“Are you kidding me?” said an exasperated Herb Mones, chair of the Three Village Civic Association land use committee. “If anything, this is a self-inflicted wound by a private corporation, but now it is trying its very best to saddle the taxpayers with some type of remedy.”

Mones said Heatherwood wants the taxpayers to foot the bill of paying the future of their taxes and mortgage fees on the project.

“It’s pig feeding at the trough. For a corporation to try to do this is an outrage to the public,” he said.

“It’s pig feeding at the trough. For a corporation to try to do this is an outrage to the public.”

– Herb Mones

He added that Heatherwood has reaped millions when the Town of Brookhaven zoning board approved a crucial zone change in 2014 that allowed for apartments on the golf course property despite overwhelming community opposition.

“But that’s not enough, now they’ve come back for more,” Mones said. “Do I blame them? No, I don’t blame then, but I will blame you if you give them relief this way.”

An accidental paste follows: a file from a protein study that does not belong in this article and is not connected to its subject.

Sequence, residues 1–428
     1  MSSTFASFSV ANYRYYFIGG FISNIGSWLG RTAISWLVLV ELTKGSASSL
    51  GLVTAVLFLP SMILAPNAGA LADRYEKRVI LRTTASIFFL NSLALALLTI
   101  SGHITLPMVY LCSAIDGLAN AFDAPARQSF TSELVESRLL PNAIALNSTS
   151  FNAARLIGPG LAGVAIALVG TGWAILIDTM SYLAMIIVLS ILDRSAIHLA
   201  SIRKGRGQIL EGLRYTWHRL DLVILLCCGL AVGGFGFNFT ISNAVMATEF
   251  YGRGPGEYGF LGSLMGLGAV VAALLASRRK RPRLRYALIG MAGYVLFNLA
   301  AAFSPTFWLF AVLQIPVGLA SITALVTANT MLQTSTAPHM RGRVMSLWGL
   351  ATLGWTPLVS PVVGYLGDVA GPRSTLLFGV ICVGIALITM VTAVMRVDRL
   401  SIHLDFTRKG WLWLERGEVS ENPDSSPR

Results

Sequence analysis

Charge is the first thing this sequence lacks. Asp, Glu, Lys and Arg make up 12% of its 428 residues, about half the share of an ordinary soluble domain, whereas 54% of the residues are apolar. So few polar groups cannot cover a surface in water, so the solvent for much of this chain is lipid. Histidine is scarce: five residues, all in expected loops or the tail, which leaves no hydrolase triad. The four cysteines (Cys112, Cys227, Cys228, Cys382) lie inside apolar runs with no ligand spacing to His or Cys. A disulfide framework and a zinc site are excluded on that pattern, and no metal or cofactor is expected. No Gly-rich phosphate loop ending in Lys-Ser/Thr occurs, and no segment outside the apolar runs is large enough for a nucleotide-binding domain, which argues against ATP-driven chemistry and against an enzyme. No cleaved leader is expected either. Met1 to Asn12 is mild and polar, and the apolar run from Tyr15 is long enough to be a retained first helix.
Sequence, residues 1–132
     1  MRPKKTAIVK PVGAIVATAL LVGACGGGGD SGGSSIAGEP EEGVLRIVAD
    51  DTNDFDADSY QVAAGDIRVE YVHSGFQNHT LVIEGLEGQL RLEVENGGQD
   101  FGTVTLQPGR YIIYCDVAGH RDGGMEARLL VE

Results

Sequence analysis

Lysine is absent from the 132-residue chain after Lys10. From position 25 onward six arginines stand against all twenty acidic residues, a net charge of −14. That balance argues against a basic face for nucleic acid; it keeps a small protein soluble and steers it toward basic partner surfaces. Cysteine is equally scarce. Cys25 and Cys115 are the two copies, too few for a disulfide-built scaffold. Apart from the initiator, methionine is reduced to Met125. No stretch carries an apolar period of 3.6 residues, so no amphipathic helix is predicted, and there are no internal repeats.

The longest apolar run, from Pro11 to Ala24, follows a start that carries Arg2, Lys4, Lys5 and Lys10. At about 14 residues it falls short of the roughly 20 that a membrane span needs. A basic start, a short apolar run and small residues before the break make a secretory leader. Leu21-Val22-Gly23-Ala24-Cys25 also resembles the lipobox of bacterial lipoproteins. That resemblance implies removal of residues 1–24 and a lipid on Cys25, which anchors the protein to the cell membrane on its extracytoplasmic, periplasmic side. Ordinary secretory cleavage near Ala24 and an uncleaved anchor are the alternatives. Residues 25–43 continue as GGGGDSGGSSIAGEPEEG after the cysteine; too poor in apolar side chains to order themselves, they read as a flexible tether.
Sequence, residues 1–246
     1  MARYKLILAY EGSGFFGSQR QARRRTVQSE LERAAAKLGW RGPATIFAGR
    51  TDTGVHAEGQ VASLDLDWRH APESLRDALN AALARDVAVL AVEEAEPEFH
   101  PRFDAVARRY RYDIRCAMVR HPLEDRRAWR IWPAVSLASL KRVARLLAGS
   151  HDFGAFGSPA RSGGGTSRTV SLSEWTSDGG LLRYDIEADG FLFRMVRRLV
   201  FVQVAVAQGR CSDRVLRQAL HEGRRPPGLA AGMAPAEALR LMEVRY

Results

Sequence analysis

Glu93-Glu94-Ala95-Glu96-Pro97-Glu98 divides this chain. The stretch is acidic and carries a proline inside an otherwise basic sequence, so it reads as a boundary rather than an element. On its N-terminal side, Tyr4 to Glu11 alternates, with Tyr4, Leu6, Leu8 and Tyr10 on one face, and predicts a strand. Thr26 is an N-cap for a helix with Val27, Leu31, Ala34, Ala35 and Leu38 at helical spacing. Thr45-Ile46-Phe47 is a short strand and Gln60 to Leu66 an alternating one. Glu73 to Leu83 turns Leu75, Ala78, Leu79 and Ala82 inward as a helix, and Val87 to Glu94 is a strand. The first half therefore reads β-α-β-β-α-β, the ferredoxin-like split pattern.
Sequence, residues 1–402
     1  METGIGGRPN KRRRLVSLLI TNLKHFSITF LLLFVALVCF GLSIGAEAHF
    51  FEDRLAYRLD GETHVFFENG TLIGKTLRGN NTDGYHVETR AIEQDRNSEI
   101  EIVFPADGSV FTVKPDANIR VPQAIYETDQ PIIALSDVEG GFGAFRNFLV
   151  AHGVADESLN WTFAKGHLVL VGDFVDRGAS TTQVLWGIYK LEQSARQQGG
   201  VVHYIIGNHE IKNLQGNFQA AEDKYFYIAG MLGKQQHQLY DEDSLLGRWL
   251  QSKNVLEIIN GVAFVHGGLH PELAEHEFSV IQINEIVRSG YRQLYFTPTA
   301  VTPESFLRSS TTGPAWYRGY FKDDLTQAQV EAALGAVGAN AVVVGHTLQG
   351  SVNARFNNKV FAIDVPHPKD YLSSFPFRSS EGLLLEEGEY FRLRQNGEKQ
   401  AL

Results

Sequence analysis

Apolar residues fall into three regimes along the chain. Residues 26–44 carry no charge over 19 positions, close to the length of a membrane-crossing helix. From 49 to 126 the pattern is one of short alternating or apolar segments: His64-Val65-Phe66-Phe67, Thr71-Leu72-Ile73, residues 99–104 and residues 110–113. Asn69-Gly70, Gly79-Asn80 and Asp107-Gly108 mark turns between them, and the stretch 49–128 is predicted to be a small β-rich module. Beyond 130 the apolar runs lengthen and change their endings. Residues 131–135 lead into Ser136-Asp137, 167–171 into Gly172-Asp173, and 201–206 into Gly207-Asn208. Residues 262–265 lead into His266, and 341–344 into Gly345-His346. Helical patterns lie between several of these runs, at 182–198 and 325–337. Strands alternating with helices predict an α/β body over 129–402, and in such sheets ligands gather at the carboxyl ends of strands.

Other concerns brought up previously have been the negative impacts the tax breaks could have on local school districts as well as increase traffic congestion at the intersection of Route 347 and Arrowhead Lane in South Setauket.

Sal Pitti, president of the Port Jefferson Station/Terryville Civic Association, said nothing has changed since the August rejection.

“The only thing that changed is that it is going to cost more to build the project,” he said. “There’s no reason that the IDA with six jobs being offered [for the project] should even allow [the developer] to come back within two months of their turndown. It’s a joke.”

IDA board members back in August said six jobs wasn’t enough to grant the benefits packages.

Pitti said unless the application showed that the project would bring a substantial number of jobs into the community added on to the people that already work there, the developer shouldn’t be allowed to go forward.